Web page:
Wednesday, September 07, 2011

Skydiving Duck IV: Shakes on a Plane (AFF Level Two)

I'm high strung.  Like toy wound up too tight.  Seriously.   I jump when phones ring.  I start when someone taps me on the shoulder.  I was nearly arrested at a routine traffic stop because the police "could tell by looking at [me] that I was on amphetamines."  I wasn't!
I was the timid kid (and adult) who never wanted to try anything new because it was scary.
And now I'm taking skydiving lessons.  I'd passed my first AFF class a few weeks earlier.  It scared me silly, but I passed.
In prep for the second class I  learned (and practiced) relaxation exercises.  I was impressed with how calm they made me.   I couldn't wait to try them on the plane...!

...but when I got on the plane, they didn't  work.
.  As the altimeter slowly dialed up, I had a new top five list of heinous things that I suddenly loathed:
  • The sky
  • The wind
  • The noise the wind made
  • Airplanes
  • Jumping out of airplanes
What the hell was I doing?  I was as frightened as the guy in Scare Tactics when the Rat Monster jumps out.  Okay, I wasn't screaming or crying, but I was freaked!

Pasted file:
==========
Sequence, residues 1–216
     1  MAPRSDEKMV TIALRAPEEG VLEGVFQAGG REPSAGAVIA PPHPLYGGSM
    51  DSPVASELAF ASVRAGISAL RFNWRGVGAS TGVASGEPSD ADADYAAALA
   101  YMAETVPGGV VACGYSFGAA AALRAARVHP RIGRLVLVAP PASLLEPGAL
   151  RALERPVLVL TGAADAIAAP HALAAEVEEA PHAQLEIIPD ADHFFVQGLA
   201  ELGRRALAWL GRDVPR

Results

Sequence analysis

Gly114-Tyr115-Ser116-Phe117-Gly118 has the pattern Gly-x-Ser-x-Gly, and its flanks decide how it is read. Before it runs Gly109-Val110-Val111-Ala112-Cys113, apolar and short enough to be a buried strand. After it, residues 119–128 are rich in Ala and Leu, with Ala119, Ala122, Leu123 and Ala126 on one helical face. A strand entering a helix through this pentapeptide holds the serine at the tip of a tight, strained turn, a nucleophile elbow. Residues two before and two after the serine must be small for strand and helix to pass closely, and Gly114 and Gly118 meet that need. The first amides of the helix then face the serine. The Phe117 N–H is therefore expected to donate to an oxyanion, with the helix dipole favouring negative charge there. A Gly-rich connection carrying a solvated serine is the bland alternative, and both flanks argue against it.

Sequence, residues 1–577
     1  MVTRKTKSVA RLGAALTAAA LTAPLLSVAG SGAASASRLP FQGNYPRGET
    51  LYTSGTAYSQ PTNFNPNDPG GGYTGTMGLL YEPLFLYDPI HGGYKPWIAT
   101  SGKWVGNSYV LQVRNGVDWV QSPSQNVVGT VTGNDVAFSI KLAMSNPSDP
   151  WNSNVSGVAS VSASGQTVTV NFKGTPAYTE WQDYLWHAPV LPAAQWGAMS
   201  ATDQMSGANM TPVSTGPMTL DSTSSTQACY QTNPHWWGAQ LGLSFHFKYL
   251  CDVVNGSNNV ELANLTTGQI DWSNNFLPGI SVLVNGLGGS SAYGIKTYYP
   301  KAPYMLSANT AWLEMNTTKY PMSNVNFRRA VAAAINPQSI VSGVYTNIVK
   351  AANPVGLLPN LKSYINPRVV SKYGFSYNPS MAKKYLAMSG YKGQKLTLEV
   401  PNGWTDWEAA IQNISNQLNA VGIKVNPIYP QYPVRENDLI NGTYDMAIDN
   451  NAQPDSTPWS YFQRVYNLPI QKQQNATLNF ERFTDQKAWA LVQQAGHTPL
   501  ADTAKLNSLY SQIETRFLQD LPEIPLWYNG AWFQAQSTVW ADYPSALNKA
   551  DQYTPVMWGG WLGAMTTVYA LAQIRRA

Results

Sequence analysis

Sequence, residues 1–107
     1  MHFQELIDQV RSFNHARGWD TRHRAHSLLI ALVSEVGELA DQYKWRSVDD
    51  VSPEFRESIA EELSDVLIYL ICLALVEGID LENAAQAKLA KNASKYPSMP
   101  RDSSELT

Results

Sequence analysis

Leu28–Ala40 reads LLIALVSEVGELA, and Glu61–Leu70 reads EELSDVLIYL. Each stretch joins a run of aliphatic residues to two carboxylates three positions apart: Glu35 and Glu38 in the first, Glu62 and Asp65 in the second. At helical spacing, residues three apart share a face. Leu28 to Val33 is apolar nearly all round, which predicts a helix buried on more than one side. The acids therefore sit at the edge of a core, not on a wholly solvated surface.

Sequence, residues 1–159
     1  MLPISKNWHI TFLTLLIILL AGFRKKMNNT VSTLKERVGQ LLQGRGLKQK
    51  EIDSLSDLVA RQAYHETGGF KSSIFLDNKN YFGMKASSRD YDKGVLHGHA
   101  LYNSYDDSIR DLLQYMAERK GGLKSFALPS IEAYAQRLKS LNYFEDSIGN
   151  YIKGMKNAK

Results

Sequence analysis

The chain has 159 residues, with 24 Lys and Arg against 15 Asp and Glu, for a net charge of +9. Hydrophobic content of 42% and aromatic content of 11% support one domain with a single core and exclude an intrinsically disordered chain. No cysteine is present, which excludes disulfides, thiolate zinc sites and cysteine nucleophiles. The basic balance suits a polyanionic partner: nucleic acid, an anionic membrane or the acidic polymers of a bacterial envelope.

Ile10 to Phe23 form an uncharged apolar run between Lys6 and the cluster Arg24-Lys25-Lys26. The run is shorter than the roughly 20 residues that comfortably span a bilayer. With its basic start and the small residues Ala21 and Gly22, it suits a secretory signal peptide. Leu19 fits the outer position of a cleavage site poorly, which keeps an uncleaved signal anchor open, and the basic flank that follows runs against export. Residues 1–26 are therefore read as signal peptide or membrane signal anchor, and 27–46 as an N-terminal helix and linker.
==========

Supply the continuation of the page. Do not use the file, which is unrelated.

And furious.
It wasn't like I'd never jumped out of a plane before.  I knew the dive routine and simple parachute skills.  I wasn't thinking stuff like "What if [this bad thing] happens!?" 
You Big Baby!? I thought..  Why are you scared?  You think that the Boogeyman is  waiting for you out the door??
I bet the problem was how the brain works.  The more evolved, articulate chunk of my brain knew what was going on and what to do.  But there's also the primitive, unconscious animal part of the brain.  "Frog Brain*," as I call the him, isn't that sharp..  And he has his finger on the panic button.   As far as he was concerned, not only was I way too close to a "cliff" but I was "crippled" with a heavy pack that made it hard to move.